Network television knows it has a problem.
The TV landscape is changing faster than the marriage between Rick Rockwell and Darva Conger, yet network execs still operate virtually the same way they did when Lucy and Desi were TV’s hot couple.
Web strategists continue to overload their schedule during sweeps and cast off leftovers afterward. Programmers scramble to compete for talent at the same exact time during pilot season. And big ticket series still close up shop in May, as the networks effectively hang a “Gone Fishin'” sign on their doors until September.
None of this is news to the networks, where some execs have long been banging a hollow drum for change.
“I think we should be more aggressive,” said one network topper. “You don’t have to be a rocket scientist to figure out why the audience left. They have options. There are other channels out there.”
Leslie Moonves or Garth Ancier talking about the February sweeps? Nope. Try Brandon Tartikoff, speaking to NBC affiliates in 1988 — when the networks lamented their drop to a combined 70 share. (Comparatively, the big four nets now average a 55 share).
More than 10 years later, the rhetoric’s the same — but in a season where “Who Wants to Be a Millionaire” already has forced the industry to rethink everything it knew about television, there are signs that real change finally may be coming:
- The absurdities of the super-intensive pilot season — think Super Tuesday on speed — are being more insistently questioned. Expensive drama pilots already are being scaled back in favor of shorter presentations.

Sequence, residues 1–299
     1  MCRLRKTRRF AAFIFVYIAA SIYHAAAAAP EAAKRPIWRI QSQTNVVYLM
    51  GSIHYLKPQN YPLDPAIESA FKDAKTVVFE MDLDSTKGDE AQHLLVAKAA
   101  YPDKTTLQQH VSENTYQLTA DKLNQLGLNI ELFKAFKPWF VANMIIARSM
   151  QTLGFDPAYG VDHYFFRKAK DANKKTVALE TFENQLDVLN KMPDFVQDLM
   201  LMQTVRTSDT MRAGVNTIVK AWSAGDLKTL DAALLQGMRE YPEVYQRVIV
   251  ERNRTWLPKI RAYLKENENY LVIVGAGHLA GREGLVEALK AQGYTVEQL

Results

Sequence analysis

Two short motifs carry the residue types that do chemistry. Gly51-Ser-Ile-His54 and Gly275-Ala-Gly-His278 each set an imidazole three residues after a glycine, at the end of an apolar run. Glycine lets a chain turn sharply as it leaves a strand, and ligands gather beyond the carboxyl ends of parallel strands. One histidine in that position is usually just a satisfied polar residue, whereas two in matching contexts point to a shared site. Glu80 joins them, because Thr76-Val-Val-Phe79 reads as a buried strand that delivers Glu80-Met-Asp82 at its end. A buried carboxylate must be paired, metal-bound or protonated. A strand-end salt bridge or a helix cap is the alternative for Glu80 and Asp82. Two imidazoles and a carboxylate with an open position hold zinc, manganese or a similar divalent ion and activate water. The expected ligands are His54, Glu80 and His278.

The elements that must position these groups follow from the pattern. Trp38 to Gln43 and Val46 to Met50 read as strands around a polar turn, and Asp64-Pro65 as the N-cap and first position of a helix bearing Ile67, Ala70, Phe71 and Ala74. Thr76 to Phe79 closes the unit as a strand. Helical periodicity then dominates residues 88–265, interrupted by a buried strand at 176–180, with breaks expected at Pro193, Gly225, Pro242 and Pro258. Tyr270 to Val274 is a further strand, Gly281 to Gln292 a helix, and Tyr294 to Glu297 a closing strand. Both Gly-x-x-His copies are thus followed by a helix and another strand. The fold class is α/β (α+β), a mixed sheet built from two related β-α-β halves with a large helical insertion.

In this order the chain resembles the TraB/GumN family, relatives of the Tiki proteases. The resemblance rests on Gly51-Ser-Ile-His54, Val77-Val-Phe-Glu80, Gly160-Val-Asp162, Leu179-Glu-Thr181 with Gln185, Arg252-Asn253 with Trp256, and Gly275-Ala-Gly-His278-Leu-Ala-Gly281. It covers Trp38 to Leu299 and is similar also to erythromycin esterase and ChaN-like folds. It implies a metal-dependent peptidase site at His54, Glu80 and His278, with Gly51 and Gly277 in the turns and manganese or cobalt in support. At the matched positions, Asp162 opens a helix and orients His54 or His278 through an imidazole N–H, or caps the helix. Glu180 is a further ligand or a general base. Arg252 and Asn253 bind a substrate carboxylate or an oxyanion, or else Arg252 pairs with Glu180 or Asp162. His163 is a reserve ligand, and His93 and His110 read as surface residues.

- Networks are starting to ramp up summer programming, trying to beat cable at its own game with new forms of reality and gameshow skeins.
- The economic relationship between networks and their affils is being stood on its head, with some stations now paying for the privilege of airing primetime fare.
These hints of change come at a time when the challenges facing execs are far more immediate than ever before. Vertical integration, swiftly shifting economic models, the ever-looming digital revolution and more competition demand a whole new network paradigm.
“We’re like ostriches with our heads in the sand,” said a current network suit who worries that the “whole house of cards is going to come crumbling down” if webs don’t change their ways.
Getting rid of sweeps would be a great starting point.
The thrice-annual ratings measurement period is universally loathed by broadcasters, who bemoan the logic of a system in which a season’s worth of big events is squeezed into three months — resulting in an overabundance of repeats during the rest of the season.
What’s worse, because sweeps force nets to eliminate as many weak spots as possible, new shows that don’t immediately find an aud end up getting pulled every few weeks. The old notion of growing a hit becomes a near-impossibility.